It was the same attitude towards salvation which led to the sermon becoming the main content of many services. In our Orthodox tradition there is a homily during the Liturgy, but the homily is not the point of our gathering together. This has been the case throughout the ages. The homilies of St John Chrysostom or St Severus would have taken about twenty to twenty-five minutes to preach, and they would have been just one part of the Liturgy. When St Cyril of Jerusalem gave his Catechectical Lectures to those preparing for baptism it was during gatherings apart from and outside the Liturgy. Indeed those who were not baptised were only allowed to attend the first part of the Liturgy. The Liturgy was, and is still considered by Orthodox Christians, to be the spiritual and mystical means by which our Lord Jesus Christ becomes truly present to us in Bread and Wine, which become His own Body and Blood. We grow in the Christian life and experience by receiving Christ in these elements of the Eucharist. Indeed our Lord says clearly enough, “I am the living bread which came down from heaven: if any man eat of this bread, he shall live for ever: and the bread that I will give is my flesh, which I will give for the life of the world. Verily, verily, I say unto you, Except ye eat the flesh of the Son of man, and drink his blood, ye have no life in you. Whoso eateth my flesh, and drinketh my blood, hath eternal life; and I will raise him up at the last day. For my flesh is meat indeed, and my blood is drink indeed. He that eateth my flesh, and drinketh my blood, dwelleth in me, and I in him. As the living Father hath sent me, and I live by the Father: so he that eateth me, even he shall live by me”.
In my evangelical protestant experience all of this was denied. It was insisted that there was no connection between the bread and wine we shared and the body and blood of our Lord, except in a symbolic sense. But our Lord could hardly be clearer, and the Orthodox Church has always understood this passage as it stands. The flesh of our Lord is real flesh, and the blood of our Lord is real blood, and we must eat of this flesh and drink of this blood if we wish to receive eternal life. It is not possible to turn to the writings of the Fathers of the Church and discover any other view. Evangelical protestantism can only support the idea of the communion as a simple memorial meal by ignoring the Fathers of the Church and teaching that they had all fallen into error a few centuries after the time of Christ.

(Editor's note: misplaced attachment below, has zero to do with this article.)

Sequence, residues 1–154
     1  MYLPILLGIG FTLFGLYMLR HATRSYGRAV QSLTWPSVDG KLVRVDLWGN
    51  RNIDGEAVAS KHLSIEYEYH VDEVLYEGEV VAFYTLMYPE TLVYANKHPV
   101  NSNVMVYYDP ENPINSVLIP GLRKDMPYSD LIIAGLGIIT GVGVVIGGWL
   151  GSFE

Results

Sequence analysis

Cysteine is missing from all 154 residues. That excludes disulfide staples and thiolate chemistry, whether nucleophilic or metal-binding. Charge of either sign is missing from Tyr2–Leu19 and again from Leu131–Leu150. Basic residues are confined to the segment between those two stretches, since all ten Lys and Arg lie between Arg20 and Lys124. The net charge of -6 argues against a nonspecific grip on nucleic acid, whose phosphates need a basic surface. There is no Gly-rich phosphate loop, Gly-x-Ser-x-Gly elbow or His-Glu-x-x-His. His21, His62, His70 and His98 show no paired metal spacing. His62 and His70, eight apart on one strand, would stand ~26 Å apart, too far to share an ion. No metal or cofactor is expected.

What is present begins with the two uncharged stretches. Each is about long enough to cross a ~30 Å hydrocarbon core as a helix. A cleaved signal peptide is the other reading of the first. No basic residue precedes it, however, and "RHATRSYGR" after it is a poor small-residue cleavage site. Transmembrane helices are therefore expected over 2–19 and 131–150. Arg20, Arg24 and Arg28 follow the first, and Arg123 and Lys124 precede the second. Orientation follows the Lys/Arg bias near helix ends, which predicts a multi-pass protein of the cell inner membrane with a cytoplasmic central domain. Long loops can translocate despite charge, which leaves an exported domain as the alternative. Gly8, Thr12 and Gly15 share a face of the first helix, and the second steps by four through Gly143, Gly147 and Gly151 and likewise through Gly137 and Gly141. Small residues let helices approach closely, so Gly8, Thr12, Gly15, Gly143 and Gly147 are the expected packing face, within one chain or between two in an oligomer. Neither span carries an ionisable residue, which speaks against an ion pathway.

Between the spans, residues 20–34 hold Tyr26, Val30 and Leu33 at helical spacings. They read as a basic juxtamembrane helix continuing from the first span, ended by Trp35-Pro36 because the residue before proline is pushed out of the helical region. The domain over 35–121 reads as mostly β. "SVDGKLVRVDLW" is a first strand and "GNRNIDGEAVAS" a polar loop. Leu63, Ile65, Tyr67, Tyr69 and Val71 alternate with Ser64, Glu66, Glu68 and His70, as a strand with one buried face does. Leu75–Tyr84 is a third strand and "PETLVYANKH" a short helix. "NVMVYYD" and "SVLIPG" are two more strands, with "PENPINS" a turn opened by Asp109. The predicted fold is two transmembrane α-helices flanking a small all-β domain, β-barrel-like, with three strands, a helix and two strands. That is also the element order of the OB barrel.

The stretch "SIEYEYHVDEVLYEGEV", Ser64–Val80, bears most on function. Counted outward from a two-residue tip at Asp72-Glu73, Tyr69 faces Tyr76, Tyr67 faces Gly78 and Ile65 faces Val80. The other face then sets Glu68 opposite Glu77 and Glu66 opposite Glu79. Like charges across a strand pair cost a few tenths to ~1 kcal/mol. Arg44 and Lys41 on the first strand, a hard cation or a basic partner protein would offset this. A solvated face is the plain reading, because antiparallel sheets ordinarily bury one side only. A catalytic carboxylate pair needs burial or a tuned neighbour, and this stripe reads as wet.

But of course the communion has not only been reduced to a memorial, it has often become an occasional service which takes place after the main service of such protestant communities. For the Orthodox Church it is the central experience of the life of all Christians. It is above all else the time and place when the Church experiences the presence of her risen Lord seated in glory upon the throne of the altar. The Bridegroom in the midst of the members of His Bride. But within most evangelical protestant congregations it has become an optional service because the main activities of the community take place apart from it. A local evangelical congregation adds communion twice a month to the normal morning service. It is not the main service of the day and occupies only a few minutes. Indeed it is not clear to many modern evangelicals why it need be celebrated at all, since it is only a memorial of the death of Jesus Christ, and this can be remembered, some will say, whether or not we use bread and wine.
And of course when there is no sense of the communion being a sacrament then there is no need for any elements of the celebration to be preserved faithfully. One modern evangelical congregation describes on its website what it thinks about communion. It says,
We believe that communion is meant to be a symbolic ceremony in which the bread is associated with the body of Christ and the wine (or any drink) is associated with the blood of Christ. We believe that within the context of communion, the bread is to be eaten in remembrance of the body of Christ which was broken for our transgressions and the wine is to be drunk in remembrance of the blood of Christ that was spilt for our sins….it is perfectly fine for a youth group to hold a communion in the youth pastors house, using gram crackers and soda.